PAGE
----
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Remembered Today:

6/7th Bn Royal Scots Fusiliers 15th September 1916


Paul Milne

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I am researching a relative, Private Edward Johanning (SN 23130) who served in the Royal Scots Fusiliers and was killed in action 15/09/16 apparently in the battle of the Somme (?).  He was posted to RSF 3rd Battalion on 26/03/16, 1st Battalion on 04/07/16, 6th/7th on 01/09/16.  I have review the War Diary for the period around 15/09/16 and cannot find any reference to any casualties, the Battalion were apparently in reserve during the attack on Martinpuich, principally tasked with improving trench works and handling German prisoners.  I have seen casualties mentioned in other war diaries, usually named officers and unnamed other ranks, are casualties omitted from some war diaries?

Interestingly, his father was born in Germany in 1853 before moving to Dundee Scotland, becoming a successful businessman.

Thanks in advance.

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He is named in the Official Casualty List in The Scotsman 12/10/1916 under Killed - RSF.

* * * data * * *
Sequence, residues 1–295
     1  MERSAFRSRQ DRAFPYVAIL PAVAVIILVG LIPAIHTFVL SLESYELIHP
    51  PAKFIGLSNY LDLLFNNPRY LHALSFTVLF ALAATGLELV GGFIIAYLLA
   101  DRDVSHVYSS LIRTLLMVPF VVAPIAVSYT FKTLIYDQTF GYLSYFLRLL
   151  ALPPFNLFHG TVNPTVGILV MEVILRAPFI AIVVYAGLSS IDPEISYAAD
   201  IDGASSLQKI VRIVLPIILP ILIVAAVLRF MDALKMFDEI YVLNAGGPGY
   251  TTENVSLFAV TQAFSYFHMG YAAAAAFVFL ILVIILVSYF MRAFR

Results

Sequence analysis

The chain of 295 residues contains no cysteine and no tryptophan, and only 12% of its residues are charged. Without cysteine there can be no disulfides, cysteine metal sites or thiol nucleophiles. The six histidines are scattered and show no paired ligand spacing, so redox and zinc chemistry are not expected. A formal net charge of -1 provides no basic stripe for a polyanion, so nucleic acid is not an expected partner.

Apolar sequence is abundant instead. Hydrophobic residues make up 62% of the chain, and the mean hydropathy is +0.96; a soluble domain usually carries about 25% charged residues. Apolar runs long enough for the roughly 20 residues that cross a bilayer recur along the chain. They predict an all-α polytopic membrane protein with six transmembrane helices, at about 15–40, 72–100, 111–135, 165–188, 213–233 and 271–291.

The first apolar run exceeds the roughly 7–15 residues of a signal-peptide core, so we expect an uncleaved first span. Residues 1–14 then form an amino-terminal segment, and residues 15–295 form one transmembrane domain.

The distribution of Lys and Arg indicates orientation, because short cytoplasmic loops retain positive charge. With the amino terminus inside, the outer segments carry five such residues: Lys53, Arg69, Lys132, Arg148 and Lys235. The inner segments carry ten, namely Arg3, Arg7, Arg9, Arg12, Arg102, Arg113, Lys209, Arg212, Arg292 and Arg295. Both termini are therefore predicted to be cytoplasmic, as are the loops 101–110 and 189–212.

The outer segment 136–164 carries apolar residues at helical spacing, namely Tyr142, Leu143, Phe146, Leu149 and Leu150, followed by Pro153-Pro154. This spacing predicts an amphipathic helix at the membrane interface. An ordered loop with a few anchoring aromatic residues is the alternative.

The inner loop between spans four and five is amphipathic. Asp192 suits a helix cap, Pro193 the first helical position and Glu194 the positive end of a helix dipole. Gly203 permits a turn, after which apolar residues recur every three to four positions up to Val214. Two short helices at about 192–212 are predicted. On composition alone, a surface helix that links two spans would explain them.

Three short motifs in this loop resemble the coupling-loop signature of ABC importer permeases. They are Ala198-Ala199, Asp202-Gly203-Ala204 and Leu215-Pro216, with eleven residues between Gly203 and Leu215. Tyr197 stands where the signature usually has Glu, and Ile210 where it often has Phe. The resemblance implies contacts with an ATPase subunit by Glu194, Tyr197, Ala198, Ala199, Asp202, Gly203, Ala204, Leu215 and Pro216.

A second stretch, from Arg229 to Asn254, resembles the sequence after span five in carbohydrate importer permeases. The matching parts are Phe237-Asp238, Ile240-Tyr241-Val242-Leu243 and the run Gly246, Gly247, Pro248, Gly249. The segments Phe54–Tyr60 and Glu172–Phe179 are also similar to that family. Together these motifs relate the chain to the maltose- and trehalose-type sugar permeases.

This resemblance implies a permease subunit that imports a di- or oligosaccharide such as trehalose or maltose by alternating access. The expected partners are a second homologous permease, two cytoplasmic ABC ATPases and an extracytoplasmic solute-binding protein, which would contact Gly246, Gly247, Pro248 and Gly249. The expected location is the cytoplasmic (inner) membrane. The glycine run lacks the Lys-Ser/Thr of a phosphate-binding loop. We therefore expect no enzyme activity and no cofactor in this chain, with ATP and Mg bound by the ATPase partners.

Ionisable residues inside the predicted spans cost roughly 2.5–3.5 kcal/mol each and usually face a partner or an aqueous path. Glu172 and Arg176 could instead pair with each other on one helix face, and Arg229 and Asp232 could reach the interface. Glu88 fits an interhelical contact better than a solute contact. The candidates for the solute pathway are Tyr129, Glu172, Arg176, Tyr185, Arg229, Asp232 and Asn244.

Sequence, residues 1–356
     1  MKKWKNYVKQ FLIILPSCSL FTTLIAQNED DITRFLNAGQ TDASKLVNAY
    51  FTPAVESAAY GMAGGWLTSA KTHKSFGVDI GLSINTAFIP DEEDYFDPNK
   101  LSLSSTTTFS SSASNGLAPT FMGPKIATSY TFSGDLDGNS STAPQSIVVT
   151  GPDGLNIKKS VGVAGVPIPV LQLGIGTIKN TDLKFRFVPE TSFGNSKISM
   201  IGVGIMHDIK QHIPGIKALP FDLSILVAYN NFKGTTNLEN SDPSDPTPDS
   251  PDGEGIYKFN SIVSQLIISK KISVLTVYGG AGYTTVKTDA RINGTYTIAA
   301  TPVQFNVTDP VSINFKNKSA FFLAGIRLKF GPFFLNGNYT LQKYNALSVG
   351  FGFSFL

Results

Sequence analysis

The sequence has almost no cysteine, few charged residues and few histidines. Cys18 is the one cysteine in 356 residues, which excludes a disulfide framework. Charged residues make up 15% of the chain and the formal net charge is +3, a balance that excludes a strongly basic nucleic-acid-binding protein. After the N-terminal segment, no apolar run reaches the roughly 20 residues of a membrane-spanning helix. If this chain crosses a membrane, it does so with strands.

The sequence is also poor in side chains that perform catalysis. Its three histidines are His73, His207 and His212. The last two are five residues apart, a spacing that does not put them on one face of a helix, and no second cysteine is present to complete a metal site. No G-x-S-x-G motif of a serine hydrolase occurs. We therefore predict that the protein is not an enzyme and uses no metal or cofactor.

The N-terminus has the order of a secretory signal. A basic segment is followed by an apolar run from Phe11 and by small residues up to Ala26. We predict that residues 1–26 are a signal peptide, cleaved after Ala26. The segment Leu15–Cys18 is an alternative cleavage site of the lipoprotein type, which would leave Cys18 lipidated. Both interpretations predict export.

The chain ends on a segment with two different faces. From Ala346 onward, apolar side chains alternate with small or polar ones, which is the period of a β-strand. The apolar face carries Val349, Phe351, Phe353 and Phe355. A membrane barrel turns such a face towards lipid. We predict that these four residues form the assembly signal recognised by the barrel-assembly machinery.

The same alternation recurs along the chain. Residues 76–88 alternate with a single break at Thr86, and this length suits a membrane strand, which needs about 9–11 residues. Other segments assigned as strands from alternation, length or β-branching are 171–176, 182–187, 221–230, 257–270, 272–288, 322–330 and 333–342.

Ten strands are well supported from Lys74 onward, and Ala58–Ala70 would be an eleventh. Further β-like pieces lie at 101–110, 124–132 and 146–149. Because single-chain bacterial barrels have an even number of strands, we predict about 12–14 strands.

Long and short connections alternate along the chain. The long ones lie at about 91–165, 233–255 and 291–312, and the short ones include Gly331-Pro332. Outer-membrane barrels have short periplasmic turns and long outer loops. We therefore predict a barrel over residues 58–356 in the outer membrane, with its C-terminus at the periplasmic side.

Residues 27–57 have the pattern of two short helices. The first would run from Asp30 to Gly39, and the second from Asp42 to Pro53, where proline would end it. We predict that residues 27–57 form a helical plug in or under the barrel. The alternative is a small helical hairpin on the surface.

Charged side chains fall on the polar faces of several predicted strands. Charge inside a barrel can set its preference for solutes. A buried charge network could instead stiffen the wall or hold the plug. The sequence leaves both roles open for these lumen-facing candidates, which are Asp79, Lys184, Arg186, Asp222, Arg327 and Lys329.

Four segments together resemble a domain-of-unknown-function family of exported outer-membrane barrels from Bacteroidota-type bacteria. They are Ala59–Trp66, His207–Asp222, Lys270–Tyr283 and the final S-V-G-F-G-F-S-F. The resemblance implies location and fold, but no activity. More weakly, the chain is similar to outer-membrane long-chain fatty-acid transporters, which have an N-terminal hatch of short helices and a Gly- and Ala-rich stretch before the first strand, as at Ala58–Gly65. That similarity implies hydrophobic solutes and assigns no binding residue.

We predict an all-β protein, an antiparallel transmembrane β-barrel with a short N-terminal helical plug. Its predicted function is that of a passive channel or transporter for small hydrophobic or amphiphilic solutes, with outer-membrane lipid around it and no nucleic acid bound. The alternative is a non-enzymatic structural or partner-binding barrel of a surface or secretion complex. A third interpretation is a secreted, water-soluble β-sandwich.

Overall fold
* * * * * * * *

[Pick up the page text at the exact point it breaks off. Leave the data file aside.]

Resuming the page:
BNL via FMP

Brian

EDIT: Checked the names. All were 6/7 Bn k in a 14 or 15/09/1916. Charles Currie and David Templeman have papers in WO 363. The B 103 forms for both just record k in a 

001.JPG

Edited by brianmorris547
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Thanks Brian, thats very interesting.  It confirms his KIA wasn't a one off with a total of 9 killed and the Battalion were more involved than the War Diary suggests.  I will have another look at the entries for 14th and 15th September 1916, but pretty sure there wasn't mention of any action.  The only death mentioned was that of a German prisoner killed by shellfire, it's a bit strange that his death was mentioned but not the 9 RSF soldiers.  Forgive my ignorance but BNL via FMP?

Thanks,

Paul

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Paul

British Newspaper Library which I get via Findmypast. Forum rules require us to acknowledge the source of any images we post.